“You are ruining your children’s lives! How dare you! You are robbing them of their future!”
Used to criticism about my life choices from closer friends and family members, I stayed calm. Sipping my morning coffee, I chatted back, “So what makes you say that?”
His reply struck me: “Because the USA is the greatest country in the world!”
“Have you ever been there?” I replied dully.
“Well, no. But I have just been accepted to a college there.” (It was an Ivy League college.)
“You’re telling me that you think I am stupid to accept this great invitation?”
“First of all congratulations on your education. You will gain knowledge and experience. But education in the public grade schools in California is a far cry and a long, long way from the Ivy League Universities on the east coast.”
Education was not much of a problem for my children because they had already been bullied in school, betrayed by their friends and most importantly by their teachers who –with maybe 2 amazing exceptions– did not really do their jobs correctly. My children ended up hating school, teachers and most importantly –the almighty “math”.
I had already been homeschooling them for two years with the help of a free online public school that actually offered electives such as languages, art and music. These classes are unheard of in the average public school system. My kids are bright, thank God. Constantly, I catch them on my Netflix account streaming documentaries about history, science and the ills of society. They’re so well versed on most adult topics that they find most children boring. I overheard my son telling a woman in a Berkeley park a year ago, “I ‘m sorry, but I am just not that fond of children.”
School was the least of my worries, to be honest. My kids tore through the “school test prep” books for two grades each in about three weeks. Money was my biggest issue. I could not work while homeschooling the kids and even if I found a job, the cost of having a professional stay with them would literally mean going into debt further.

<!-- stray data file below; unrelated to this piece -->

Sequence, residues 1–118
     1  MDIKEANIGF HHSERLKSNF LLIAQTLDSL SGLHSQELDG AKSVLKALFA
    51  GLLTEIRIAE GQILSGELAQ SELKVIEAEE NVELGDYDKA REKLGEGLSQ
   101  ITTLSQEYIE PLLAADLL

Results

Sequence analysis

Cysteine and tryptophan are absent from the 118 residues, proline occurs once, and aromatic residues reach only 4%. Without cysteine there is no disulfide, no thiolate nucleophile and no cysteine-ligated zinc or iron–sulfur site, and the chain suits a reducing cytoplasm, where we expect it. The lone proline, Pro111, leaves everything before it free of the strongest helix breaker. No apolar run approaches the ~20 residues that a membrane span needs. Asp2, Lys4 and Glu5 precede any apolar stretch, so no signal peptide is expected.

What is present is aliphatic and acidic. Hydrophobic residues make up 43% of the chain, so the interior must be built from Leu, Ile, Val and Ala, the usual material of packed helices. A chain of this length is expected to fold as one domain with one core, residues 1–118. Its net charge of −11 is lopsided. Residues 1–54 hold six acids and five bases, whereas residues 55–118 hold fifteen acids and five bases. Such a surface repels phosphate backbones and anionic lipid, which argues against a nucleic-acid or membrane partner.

As a widow with a temporary Death Benefits retirement income that drastically gets reduced in three years when my daughter turns 16, I felt pushed against the financial wall. Couple this with the fact that my kids are growing rapidly and my 10 year old son started eating enough food daily to feed three full grown construction workers. My clothing bill was growing higher each month for my progeny as my 13 year old daughter decided it would be fun to grow taller than her mom. My car payment was close to $400. Before you get jealous of my rockin’ new Beemer, this payment was actually for a used Scion that was already 6 years old when I bought it. My once perfect credit was ruined by an over-zealous used car dealer who decided to automatically run my credit 30 times simultaneously in an afternoon without my knowledge. The house loan that had been approved for me one month before was now completely vaporized with his gleeful disdain for my financial well-being.
In two years I had managed to get myself into debt to the tune of $20,000. Paying for groceries with a credit card scraped my insides like fingernails on a chalkboard, but I had to feed my children. We tried to make it work. I had managed to negotiate an apartment down by $400 per month, but after the lease was up, they raised the rent to an impossible amount. We ended up homeless in my overpriced car for a couple weeks while trying to find a room in a house in the bay area. Eventually we found a large affordable room in gang territory in Richmond. Who knew it was so hard to find people who liked kids? It appears that everyone agrees with my son!
I had spent years reading about travel, escaping from this crazy rat race that people call the Great American Lifestyle. When my husband first died and we lost my gorgeous 4 bedroom house in the forest (he didn’t leave a will), I started researching Ecuador heavily. This was literally a full time job. I spent eight hours a day for fifteen months learning everything I needed to know about Ecuadorean culture, food, housing, real estate, shamans, holidays, even fun facts about their army! (They have a Peace Division in their army that arises one hour before the Sun daily to pray and meditate for world peace.) It seemed like Heaven on Earth to me and I was really happy about the notion of living in the Andes Mountains.